Michael J. Sisson v. Stacey (Sisson) Cousar

Annotate this Case
ca04-814

ARKANSAS COURT OF APPEALS
NOT DESIGNATED FOR PUBLICATION

DIVISION II

MICHAEL J. SISSON

APPELLANT

V.

STACEY (SISSON) COUSAR

APPELLEE

CA 04-814

April 27, 2005

APPEAL FROM THE POPE

COUNTY CIRCUIT COURT

[DR-98-326]

HONORABLE JOHN S. PATTERSON,

CIRCUIT JUDGE

AFFIRMED

David M. Glover, Judge

Appellant, Michael Sisson, and appellee, Stacey (Sisson) Cousar, were divorced on April 12, 1999. They have two minor children, Sarah and Joshua. Appellant appeals from a March 4, 2004 post-divorce order in which the circuit court found him in contempt, sentenced him to serve thirty days in jail with twenty-three days suspended, and awarded appellee $1,200 in attorney's fees and $130 in costs. We affirm.

Appellant raises twelve points of appeal:

I. The court erred in finding appellant in contempt for discussing sex education with his non-custodial son.

II. The trial court erred in finding appellant in contempt for removing a disciplinary form from the school when the testimony was clear and unrebutted that he had been given the document by the teacher.

III. The trial court had insufficient evidence before it to support its finding that appellant was in contempt for removing a disciplinary form from the school when the testimony was clear and unrebutted that he had been given the document by the teacher.

IV. The trial court erred in finding appellant in contempt for removing school forms from the children's backpacks and correcting them and then returning them to the school on his own.

V. The trial court erred in finding that appellant was in contempt with regard to the lunch times and the morning and afternoon contacts. The trial court should have allowed appellant to have contact with the children at school as long as he did not violate school guidelines. This also holds true for extra-curricular activities.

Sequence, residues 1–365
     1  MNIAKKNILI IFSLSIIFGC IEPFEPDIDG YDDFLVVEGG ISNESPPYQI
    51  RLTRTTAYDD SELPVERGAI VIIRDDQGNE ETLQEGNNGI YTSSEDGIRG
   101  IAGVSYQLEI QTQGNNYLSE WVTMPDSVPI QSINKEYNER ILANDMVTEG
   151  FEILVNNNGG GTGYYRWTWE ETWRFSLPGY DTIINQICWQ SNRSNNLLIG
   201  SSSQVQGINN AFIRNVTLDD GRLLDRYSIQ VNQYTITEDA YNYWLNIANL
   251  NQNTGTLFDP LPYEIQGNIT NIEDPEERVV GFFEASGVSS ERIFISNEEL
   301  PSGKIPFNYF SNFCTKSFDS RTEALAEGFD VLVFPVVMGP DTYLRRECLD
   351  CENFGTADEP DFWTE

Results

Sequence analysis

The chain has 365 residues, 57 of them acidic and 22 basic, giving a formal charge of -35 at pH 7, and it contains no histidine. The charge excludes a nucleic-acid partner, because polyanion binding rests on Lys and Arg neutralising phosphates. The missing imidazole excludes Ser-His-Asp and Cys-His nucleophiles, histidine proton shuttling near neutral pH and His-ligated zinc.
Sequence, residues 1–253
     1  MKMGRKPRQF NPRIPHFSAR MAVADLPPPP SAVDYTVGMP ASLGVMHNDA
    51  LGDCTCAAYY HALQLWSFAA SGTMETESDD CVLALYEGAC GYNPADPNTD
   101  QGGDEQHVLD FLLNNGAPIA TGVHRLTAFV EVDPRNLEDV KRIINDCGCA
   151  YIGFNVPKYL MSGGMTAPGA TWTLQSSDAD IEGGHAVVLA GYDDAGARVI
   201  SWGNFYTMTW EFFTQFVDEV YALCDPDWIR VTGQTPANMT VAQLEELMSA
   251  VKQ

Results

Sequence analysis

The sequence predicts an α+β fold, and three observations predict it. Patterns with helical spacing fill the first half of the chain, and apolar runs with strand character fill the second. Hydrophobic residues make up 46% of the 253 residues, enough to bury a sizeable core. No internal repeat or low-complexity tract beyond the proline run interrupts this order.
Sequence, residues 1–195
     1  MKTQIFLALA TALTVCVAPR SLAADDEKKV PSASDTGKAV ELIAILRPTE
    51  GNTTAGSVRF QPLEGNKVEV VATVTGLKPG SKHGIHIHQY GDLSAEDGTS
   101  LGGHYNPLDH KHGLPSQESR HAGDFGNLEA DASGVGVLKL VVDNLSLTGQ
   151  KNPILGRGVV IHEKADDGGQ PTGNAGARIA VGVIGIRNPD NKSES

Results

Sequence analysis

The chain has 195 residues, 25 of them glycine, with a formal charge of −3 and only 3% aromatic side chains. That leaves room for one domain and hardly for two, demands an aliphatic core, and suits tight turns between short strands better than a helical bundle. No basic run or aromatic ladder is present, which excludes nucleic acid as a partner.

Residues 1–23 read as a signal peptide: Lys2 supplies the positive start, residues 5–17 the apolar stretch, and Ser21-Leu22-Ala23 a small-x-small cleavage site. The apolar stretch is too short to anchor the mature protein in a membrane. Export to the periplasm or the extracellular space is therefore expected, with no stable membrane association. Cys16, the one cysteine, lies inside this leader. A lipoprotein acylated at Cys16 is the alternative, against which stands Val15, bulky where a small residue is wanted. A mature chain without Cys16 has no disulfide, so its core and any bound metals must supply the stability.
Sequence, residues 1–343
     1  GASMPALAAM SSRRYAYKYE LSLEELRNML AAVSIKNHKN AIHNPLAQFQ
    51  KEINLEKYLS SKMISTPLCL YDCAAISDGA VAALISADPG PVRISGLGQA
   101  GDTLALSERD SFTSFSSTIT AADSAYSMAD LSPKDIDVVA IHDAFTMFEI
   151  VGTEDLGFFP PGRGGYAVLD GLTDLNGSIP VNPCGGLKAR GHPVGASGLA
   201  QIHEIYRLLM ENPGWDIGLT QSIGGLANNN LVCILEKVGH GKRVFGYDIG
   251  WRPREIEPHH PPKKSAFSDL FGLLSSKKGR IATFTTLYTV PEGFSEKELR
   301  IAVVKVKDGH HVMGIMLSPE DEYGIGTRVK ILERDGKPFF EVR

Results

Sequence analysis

VI. The trial court had insufficient evidence before it to support its finding that appellant was in contempt with regard to the lunches at school simply because appellee would like to prohibit them.

VII. The trial court has insufficient evidence before it to support its finding that appellant was in contempt for having contact with the children that caused the daycare van to be delayed.

VIII. The trial court erred in allowing Dr. Shry to testify regarding the need for psychological testing after hearing only appellee's witnesses' testimony, and having only observed the children in the presence of appellee and her husband and her counsel, and having observed the appellant only in the contentious atmosphere of the courtroom. This error resulted in the court giving undue weight to Dr. Shry's testimony.

IX. The trial court erred in finding appellant in contempt with regard to the incident at the soccer field because the prohibition in the original decree did not apply to appellee's husband, nor was the evidence sufficient to support a finding that she heard or understood the profanity.

X. The trial court erred in giving undue credence to appellee and appellee's counsel's references to past findings of contempt against appellant because the case file does not bear out the inference that appellant had been found in contempt "numerous times."

XI. The trial court erred in awarding attorney fees and costs to the appellee in light of the errors made by the trial court as set out herein.

XII. The trial court had insufficient evidence before it to support any finding that appellant was in contempt.

For ease of discussion, we will address the points in an order that is different from that presented by appellant.

Points I, V, VI, & VII